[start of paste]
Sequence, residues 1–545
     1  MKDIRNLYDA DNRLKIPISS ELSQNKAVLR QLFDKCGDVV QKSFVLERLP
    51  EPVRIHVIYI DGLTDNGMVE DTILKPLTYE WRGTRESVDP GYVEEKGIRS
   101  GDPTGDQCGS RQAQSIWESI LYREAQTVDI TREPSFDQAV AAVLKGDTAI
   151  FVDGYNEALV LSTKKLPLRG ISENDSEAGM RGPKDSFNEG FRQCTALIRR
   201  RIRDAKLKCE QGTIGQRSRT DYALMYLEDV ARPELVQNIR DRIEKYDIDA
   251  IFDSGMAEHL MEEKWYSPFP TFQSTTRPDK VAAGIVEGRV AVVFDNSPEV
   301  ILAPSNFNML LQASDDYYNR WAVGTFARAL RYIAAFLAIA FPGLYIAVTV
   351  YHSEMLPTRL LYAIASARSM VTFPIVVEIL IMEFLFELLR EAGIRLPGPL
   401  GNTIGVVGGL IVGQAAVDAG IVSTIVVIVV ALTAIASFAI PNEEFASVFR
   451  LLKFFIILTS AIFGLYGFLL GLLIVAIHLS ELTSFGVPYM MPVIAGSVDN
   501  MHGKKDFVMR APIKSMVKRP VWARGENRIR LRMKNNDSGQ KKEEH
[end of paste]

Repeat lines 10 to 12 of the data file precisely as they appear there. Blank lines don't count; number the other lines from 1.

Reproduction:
   401  GNTIGVVGGL IVGQAAVDAG IVSTIVVIVV ALTAIASFAI PNEEFASVFR
   451  LLKFFIILTS AIFGLYGFLL GLLIVAIHLS ELTSFGVPYM MPVIAGSVDN
   501  MHGKKDFVMR APIKSMVKRP VWARGENRIR LRMKNNDSGQ KKEEH